The etiopathogenesis of Crohn's disease (CD) and ulcerative Colitis (UC), the two major forms of inflammatory bowel disease (IBD), is still unknown. Although the exact cause and mechanisms of both IBD have yet to be completely understood, it is widely accepted that both CD and UC result from an inappropriate immune response that occurs in genetically susceptible individuals as the result of a complex interaction among environmental factors, microbial factors, and the intestinal immune system. In the last few years a tremendous advance in knowledge of the mechanisms underlying intestinal inflammation in IBD has been achieved, leading to new therapeutic targets and novel drugs. These new therapeutic weapons have been specifically designed to selective shut down intestinal inflammation at different levels. Aim of this review is to summarize the recent advances in IBD pathophysiology and the new therapeutic targets and drugs that are changing the IBD clinical management

The etiopathogenesis of Crohn's disease (CD) and ulcerative Colitis (UC), the two major forms of inflammatory bowel disease (IBD), is still unknown. Although the exact cause and mechanisms of both IBD have yet to be completely understood, it is widely accepted that both CD and UC result from an inappropriate immune response that occurs in genetically susceptible individuals as the result of a complex interaction among environmental factors, microbial factors, and the intestinal immune system. In the last few years a tremendous advance in knowledge of the mechanisms underling intestinal inflammation in IBD has been achieved, leading to new therapeutic targets and novel drugs. These new therapeutic weapons have been specifically designed to selective shut down intestinal inflammation at different levels. Aim of this review is to summarize the recent advances in IBD pathophysiology and the new therapeutic targets and drugs that are changing the IBD clinical management.

New insights into inflammatory bowel disease pathophysiology: Paving the way for novel therapeutic targets

Malesci A;Repici A;Vetrano S;Danese S
2008

Abstract

The etiopathogenesis of Crohn's disease (CD) and ulcerative Colitis (UC), the two major forms of inflammatory bowel disease (IBD), is still unknown. Although the exact cause and mechanisms of both IBD have yet to be completely understood, it is widely accepted that both CD and UC result from an inappropriate immune response that occurs in genetically susceptible individuals as the result of a complex interaction among environmental factors, microbial factors, and the intestinal immune system. In the last few years a tremendous advance in knowledge of the mechanisms underling intestinal inflammation in IBD has been achieved, leading to new therapeutic targets and novel drugs. These new therapeutic weapons have been specifically designed to selective shut down intestinal inflammation at different levels. Aim of this review is to summarize the recent advances in IBD pathophysiology and the new therapeutic targets and drugs that are changing the IBD clinical management.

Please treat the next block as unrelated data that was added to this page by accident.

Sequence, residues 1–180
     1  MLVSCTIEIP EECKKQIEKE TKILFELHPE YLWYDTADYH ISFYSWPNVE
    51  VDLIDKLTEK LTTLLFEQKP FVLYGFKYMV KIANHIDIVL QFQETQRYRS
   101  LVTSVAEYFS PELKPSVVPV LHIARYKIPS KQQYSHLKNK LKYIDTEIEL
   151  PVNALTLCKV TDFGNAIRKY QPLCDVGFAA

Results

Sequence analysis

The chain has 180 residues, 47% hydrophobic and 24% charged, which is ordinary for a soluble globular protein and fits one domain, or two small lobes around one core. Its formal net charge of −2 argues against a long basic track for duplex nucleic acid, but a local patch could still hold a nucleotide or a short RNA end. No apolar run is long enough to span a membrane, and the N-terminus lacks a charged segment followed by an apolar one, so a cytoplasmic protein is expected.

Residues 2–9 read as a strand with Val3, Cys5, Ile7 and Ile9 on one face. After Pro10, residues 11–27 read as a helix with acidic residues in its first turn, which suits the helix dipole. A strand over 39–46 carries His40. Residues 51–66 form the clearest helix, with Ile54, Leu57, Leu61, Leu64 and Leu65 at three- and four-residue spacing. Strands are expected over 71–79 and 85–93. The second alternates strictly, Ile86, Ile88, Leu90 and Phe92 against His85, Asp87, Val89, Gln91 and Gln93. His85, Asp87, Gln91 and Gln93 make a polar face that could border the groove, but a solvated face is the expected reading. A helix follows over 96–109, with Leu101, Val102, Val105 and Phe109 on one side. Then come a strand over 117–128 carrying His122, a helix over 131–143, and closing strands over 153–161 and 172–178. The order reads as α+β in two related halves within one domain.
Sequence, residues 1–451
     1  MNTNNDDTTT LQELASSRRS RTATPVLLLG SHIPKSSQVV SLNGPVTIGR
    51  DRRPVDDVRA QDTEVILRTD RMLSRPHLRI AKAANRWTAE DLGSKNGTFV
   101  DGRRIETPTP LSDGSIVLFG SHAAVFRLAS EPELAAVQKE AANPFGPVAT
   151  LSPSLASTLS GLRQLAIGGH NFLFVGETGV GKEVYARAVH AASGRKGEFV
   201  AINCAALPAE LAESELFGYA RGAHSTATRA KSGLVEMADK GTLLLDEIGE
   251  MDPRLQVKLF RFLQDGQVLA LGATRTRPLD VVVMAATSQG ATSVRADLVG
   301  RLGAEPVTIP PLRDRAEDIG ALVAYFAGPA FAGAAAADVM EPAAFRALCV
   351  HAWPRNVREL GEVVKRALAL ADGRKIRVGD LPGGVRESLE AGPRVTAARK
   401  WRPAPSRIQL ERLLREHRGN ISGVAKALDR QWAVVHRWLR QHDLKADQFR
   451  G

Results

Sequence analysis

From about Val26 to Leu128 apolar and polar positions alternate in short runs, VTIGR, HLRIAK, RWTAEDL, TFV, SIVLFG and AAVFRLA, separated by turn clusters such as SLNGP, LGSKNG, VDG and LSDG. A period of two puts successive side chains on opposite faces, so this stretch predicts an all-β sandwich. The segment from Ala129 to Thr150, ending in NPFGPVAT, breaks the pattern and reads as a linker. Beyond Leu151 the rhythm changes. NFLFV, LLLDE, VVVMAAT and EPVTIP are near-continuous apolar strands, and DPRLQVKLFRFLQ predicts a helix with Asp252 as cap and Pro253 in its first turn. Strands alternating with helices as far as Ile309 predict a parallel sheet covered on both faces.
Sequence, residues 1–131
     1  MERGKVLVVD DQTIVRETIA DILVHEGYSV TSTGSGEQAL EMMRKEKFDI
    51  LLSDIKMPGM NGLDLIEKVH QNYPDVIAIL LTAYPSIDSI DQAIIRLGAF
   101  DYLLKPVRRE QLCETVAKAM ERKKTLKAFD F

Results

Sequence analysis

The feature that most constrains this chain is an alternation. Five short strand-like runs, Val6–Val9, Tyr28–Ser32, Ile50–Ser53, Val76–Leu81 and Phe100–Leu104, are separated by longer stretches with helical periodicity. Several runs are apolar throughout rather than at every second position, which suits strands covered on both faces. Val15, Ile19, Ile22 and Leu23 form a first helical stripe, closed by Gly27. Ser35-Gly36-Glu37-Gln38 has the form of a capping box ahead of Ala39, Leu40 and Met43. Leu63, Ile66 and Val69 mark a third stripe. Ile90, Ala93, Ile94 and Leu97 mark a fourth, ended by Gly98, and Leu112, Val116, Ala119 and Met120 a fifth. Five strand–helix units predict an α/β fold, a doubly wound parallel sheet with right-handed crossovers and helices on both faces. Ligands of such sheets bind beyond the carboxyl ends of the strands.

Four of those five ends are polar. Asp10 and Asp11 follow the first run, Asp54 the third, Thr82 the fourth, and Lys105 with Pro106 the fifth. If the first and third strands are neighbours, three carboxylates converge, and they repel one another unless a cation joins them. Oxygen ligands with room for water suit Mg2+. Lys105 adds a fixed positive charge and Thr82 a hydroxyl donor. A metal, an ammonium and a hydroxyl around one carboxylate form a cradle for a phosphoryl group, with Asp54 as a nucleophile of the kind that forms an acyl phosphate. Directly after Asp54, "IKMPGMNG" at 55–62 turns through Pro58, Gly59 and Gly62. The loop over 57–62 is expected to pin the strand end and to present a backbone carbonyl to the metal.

The etiopathogenesis of Crohn's disease (CD) and ulcerative Colitis (UC), the two major forms of inflammatory bowel disease (IBD), is still unknown. Although the exact cause and mechanisms of both IBD have yet to be completely understood, it is widely accepted that both CD and UC result from an inappropriate immune response that occurs in genetically susceptible individuals as the result of a complex interaction among environmental factors, microbial factors, and the intestinal immune system. In the last few years a tremendous advance in knowledge of the mechanisms underlying intestinal inflammation in IBD has been achieved, leading to new therapeutic targets and novel drugs. These new therapeutic weapons have been specifically designed to selective shut down intestinal inflammation at different levels. Aim of this review is to summarize the recent advances in IBD pathophysiology and the new therapeutic targets and drugs that are changing the IBD clinical management
Crohns-disease; ulcerative-colitis; T-cells; mononuclear-cells; expression; NOD2; susceptibility; association; mechanisms; mutations
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Utilizza questo identificativo per citare o creare un link a questo documento: http://hdl.handle.net/11699/3156
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